Big business economists breathed a public sigh of relief at the announcement that the U.S. economy grew by an annual rate of 2.0 percent in the quarter ending Sept. 30. They were thanking their lucky stars that it was an increase over the 1.3 percent growth in the second quarter.
But workers should be alert to the less-publicized reservations behind this public show of optimism.
First, the 2.0 percent growth was completely inflated by Pentagon spending. “What saved this figure from being much, much worse, was a somewhat freakish surge in government spending, driven by a 13 percent gain in national defense spending,” revealed Rob Carnell, the chief international economist at ING Bank. (Financial Times, Oct. 26)
Thus the Obama administration and Leon Panetta at the Pentagon made sure a surge in military spending came in time to rescue the economic growth figures in the pre-election period. Without this military spending, the official growth number would have been 1.4 percent, essentially the same as in the second quarter. That would have been a statistical alarm bell warning that the economy was on the way to tanking.
Other danger signs for workers
In the wake of the global capitalist slowdown, U.S. exports last quarter declined for the first time in three and a half years. Capital investment by the bosses went from a 3.6 percent increase in the second quarter to a 1.3 percent decrease last quarter. When the bosses cut back investment, workers are bound to lose their jobs.
Also, any rise in spending among the workers and the middle class is being fueled by the beginning of a new credit bubble. An article in the Oct. 27 New York Times entitled “Rise in Household Debt Might Be a Sign of a Strengthening Recovery” cheerily announced that U.S. households “are taking on more debt than they are shedding.” Debt from mortgages, credit cards and auto loans had been falling for 14 consecutive quarters as the masses tried to get out from under the mountain of debt accumulated during the bubble. The bubble burst, leading to the great financial crisis.
Now the bankers are celebrating that people are going back into debt, bringing more income from interest and fees to the bankers and keeping the economy from collapsing. In other words, the bankers are looking forward to profiting from the next credit bubble. The bosses, economists and politicians are hoping it will keep capitalism going.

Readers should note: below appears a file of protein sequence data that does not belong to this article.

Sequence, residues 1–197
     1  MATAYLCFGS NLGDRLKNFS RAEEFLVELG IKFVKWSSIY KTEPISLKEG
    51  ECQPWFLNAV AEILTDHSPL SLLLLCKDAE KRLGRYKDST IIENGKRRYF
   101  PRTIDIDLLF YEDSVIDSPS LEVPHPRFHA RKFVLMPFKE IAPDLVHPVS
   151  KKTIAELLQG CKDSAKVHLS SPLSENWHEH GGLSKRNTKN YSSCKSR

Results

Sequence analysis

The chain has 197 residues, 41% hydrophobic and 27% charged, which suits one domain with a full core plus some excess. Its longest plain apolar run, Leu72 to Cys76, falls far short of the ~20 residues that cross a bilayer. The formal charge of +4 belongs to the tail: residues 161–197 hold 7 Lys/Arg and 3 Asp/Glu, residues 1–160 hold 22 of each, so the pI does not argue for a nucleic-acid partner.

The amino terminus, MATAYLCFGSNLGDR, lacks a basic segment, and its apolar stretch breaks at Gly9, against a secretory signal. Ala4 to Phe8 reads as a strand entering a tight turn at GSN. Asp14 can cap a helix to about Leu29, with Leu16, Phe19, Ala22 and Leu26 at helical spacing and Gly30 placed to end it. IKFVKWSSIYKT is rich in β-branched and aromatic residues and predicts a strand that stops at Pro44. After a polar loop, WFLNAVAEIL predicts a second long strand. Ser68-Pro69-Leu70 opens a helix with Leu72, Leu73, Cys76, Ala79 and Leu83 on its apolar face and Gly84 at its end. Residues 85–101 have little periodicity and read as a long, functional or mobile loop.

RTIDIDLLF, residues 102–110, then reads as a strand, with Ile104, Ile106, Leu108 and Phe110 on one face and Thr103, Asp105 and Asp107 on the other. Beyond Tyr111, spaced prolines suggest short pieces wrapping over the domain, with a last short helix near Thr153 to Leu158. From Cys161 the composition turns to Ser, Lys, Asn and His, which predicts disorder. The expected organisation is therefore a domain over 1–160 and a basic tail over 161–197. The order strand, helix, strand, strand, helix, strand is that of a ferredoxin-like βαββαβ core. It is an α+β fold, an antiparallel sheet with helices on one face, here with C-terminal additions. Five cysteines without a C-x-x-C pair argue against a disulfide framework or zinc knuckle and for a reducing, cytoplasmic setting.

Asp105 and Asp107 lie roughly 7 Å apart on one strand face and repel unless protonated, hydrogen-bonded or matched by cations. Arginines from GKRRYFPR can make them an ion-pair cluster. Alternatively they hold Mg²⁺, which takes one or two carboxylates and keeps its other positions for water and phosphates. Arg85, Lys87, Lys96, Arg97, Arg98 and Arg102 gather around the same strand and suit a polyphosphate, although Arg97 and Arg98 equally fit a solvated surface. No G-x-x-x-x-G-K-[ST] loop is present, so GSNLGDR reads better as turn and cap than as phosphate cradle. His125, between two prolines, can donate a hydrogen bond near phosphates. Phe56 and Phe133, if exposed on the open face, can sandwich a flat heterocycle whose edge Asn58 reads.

The real news: mass layoffs planned
What really should have made the headlines were the decline in worldwide sales by the giant monopolies, the announcements of mass layoffs and the expectation of future layoffs.
As the crisis of overproduction begins to choke the capitalist markets in China, India, Brazil, Russia and especially Europe, the sales and profits of the giant transnational monopolies have begun to contract. As one bourgeois analyst put it, lower sales “are a sure prescription for layoffs to start heating up as companies take immediate action to show their shareholders how responsive they are.” (Business Insider, Oct. 25)
Another said that “North American companies since Sept. 1 have announced plans to eliminate more than 62,600 positions at home and abroad, the biggest two-month drop since the start of 2010, according to data compiled by Bloomberg News. Firings total 158,100 so far this year, more than the 129,000 job cuts in the same period in 2011.” (Bloomberg News, Oct. 25)
There is fear that “the economic recovery is not picking up” as sales come in below estimates.
Hewlett-Packard announced in September that it plans 29,000 job cuts as personal computer sales slow around the world. Banks in the U.S. are planning 19,000 job cuts, while the giant Swiss bank UBS is planning 10,000 layoffs.
Ford is closing two European factories, one in Belgium and one in Britain, and will cut 6,200 jobs or 13 percent of its European workforce. Dow Chemical will close about 20 plants, eliminating 2,400 jobs. DuPont plans 1,500 layoffs right away and more in the future if profits continue to decline.
AMD, the second-largest chip maker for personal computers, will lay off 15 percent of its workforce; Colgate-Palmolive, the engine maker Cummins and Kimberly-Clark are among the giants that have announced layoffs due to a decline in profits and/or sales.
The giant corporations are a bellwether for the global economy and for what the workers will confront in the coming period as capitalism is unable to lift itself out of the crisis begun in 2007.
Big picture: capitalism can’t stop global slowdown
Some signs of the bigger picture seep through the media. The Financial Times points out that, despite the rise in profit margins on the index of the S&P 500 corporations over the last several years, “sales growth on the index has been down for a year and a half.” In other words, the markets have been unable to absorb the output of the corporations. Nevertheless, these firms have been able to squeeze out rising profits, mostly by speeding up workers or cutting them out altogether. That’s how they boost profits despite declining sales.